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Molecules 2017, 22(9), 1531; doi:10.3390/molecules22091531

An Efficient, Eco-friendly and Sustainable One-Pot Synthesis of 3,4-Dihydropyrimidin-2(1H)-ones Directly from Alcohols Catalyzed by Heteropolyanion-Based Ionic Liquids
Jiangsu Laboratory of Advanced Functional Material, School of Chemistry and Materials Engineering, Changshu Institute of Technology, Changshu 215500, China
Authors to whom correspondence should be addressed.
Received: 22 August 2017 / Accepted: 7 September 2017 / Published: 11 September 2017


Efficient, eco-friendly and sustainable access to 3,4-dihydropyrimidin-2(1H)-ones directly from alcohols under microwave and solvent-free conditions has been reported. The practical protocol involves heteropolyanion-based catalyzed oxidation of alcohols to aldehydes with NaNO3 as the oxidant followed by cyclocondensation with dicarbonyl compounds and urea or thiourea in a two-step, one-pot manner. Compatibility with different functional groups, good to excellent yields and reusable catalysts are the main highlights. The utilization of alcohols instead of aldehydes is a valid and green alternative to the classical Biginelli reaction.
Biginelli reaction; ionic liquid; microwave; oxidative cyclocondensation; solvent-free

1. Introduction

One-pot, sequential multi-step reactions have become an important area of research in organic chemistry, due to the improved atom economy, multiple-bond-forming efficiency, time and energy savings and avoiding waste and pollution [1,2,3,4,5]. Aldehydes are widely prevalent substrates in many efficient one-pot synthesis or multicomponent reactions (MCRs) [6,7,8]. However, they are generally very volatile, toxic and unstable, especially due to ease of aerial oxidation. In the practical process, aldehydes must be purified carefully just before use, otherwise the impurities will affect not only the concentration of the active aldehyde, but also the proceeding of the chemical reactions. It is apparent that these disadvantages have limited the application in industry. Recently, tandem oxidation processes (TOPs) in which oxidation of alcohols combined with the subsequent elaboration of the carbonyl intermediates (aldehydes) have gained considerable attention [9,10,11,12,13,14,15,16,17,18], while only a few reports described the combining alcohol oxidation with a MCR in a one-pot process [19,20]. Therefore, it is expected that the use of a single vessel oxidation-MCR protocol from alcohols would widen significantly the versatility and scope of aldehyde-based MCRs.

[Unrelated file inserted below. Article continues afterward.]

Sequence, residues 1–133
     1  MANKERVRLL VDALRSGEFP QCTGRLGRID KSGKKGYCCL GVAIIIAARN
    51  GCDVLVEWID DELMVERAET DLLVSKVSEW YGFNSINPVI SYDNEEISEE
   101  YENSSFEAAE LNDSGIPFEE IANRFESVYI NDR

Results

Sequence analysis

The century-old Biginelli reaction, which involves the one-pot condensation of an aldehyde, β-ketoester and urea or thiourea gives straightforward access to functionalized 3,4-dihydropyrimidin-2(1H)-ones (DHPMs) with a diverse range of biological properties [21,22,23,24,25,26], and is considered to be one of the most useful MCR [27,28,29,30,31]. Since the discovery of this reaction, a number of improved catalytic systems have been developed, such as Brønsted acids [32,33,34,35,36,37,38] or bases [39,40], metal Lewis acids [41,42,43,44,45,46,47,48,49,50], organocatalysts [51,52,53,54,55,56,57,58], and heterogeneous catalysts [59,60,61,62,63,64,65,66,67,68,69,70,71]. However, to the best of our knowledge, there have been only a few reports on the Biginelli reaction starting directly from alcohols [72,73,74,75].